As the country seeks to open up to tourism, Iraq is sending a warning to potential travelers. James Fitton, a 66-year-old Briton found guilty of trying to smuggle antiquities out of Iraq, was sentenced Monday, June 6, to fifteen years in prison by a Baghdad court, while his co-defendant, Volker Waldmann, a German 60 years old, was acquitted.

The sentence for the crime committed by James Fitton “is death by hanging”, but the court decided to “reduce the sentence to fifteen years in prison because of the advanced age of the accused”, explained the judge in the verdict. Mr. Fitton’s lawyer has announced that he will appeal the decision.

The two men appeared before the criminal court of Al-Karkh, in Baghdad, dressed in the yellow combination of prisoners in Iraq, according to a journalist from Agence France-Presse present at the hearing. When the judge asked them if they considered themselves “guilty or not guilty of trafficking in antiquities”, they each answered “not guilty”.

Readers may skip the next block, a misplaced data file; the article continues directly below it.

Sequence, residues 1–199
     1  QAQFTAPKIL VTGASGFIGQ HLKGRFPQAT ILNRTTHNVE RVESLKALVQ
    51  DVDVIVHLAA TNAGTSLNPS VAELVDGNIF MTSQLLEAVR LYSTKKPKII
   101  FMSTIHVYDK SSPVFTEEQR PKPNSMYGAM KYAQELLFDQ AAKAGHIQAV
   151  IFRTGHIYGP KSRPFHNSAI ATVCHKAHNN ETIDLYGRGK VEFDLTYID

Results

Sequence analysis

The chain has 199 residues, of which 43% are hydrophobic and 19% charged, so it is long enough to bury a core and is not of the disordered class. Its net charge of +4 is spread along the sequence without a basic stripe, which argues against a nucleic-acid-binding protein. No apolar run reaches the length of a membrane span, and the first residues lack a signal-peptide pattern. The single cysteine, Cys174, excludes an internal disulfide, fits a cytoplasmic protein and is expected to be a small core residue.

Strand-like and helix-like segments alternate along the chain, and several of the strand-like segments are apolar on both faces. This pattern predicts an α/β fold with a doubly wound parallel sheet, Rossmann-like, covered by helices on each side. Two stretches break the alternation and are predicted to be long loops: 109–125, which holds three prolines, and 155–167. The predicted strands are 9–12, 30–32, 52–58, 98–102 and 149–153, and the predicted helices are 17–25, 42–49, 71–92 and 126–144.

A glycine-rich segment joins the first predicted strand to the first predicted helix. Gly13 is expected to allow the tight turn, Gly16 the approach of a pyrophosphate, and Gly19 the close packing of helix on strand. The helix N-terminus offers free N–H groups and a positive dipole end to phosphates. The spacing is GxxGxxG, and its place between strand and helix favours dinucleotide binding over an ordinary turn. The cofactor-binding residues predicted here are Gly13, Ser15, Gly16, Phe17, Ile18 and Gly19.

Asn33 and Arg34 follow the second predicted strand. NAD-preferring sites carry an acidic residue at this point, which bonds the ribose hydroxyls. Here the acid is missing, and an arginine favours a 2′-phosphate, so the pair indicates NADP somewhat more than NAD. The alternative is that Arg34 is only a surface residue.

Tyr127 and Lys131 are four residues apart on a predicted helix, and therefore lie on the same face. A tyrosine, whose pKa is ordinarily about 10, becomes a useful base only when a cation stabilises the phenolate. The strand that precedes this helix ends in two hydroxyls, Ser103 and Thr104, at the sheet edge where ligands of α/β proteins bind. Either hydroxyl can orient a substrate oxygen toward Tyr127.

Heritage and Antiquities Act 2002

James Fitton, a retired British geologist, and Volker Waldmann, a Berlin psychologist, were arrested on March 20 at Baghdad airport with pieces of stone, fragments of broken pottery and ceramics in their luggage. James Fitton and Volker Waldmann were in Iraq for an organized trip and did not know each other before this excursion.

Mr. Fitton’s luggage contained ten fragments of stones, shards of broken pottery or ceramics. Mr. Waldmann was in possession of two pieces which he said were given to him by his traveling companion.

At the start of their trial in May, the two men invoked their good faith, saying they did not know that the pieces in their possession could be considered antiques.

They were appearing under a 2002 law regulating heritage and antiquities, which provides for up to the death penalty for anyone found guilty of “intentionally removing or attempting to remove an antiquity from Iraq”. Iraqi antiquities have been looted for decades, thanks to the many conflicts that the country has experienced, including the American invasion of 2003.

The judge found in his verdict that Mr. Fitton was “aware” that the site from which he collected these fragments was “an archaeological site” and that it is “unlawful” to appropriate them. He concluded that “criminal intent” did exist, which defense attorney Thaer Massoud denied. For Me Massoud, this judgment is “extreme”.

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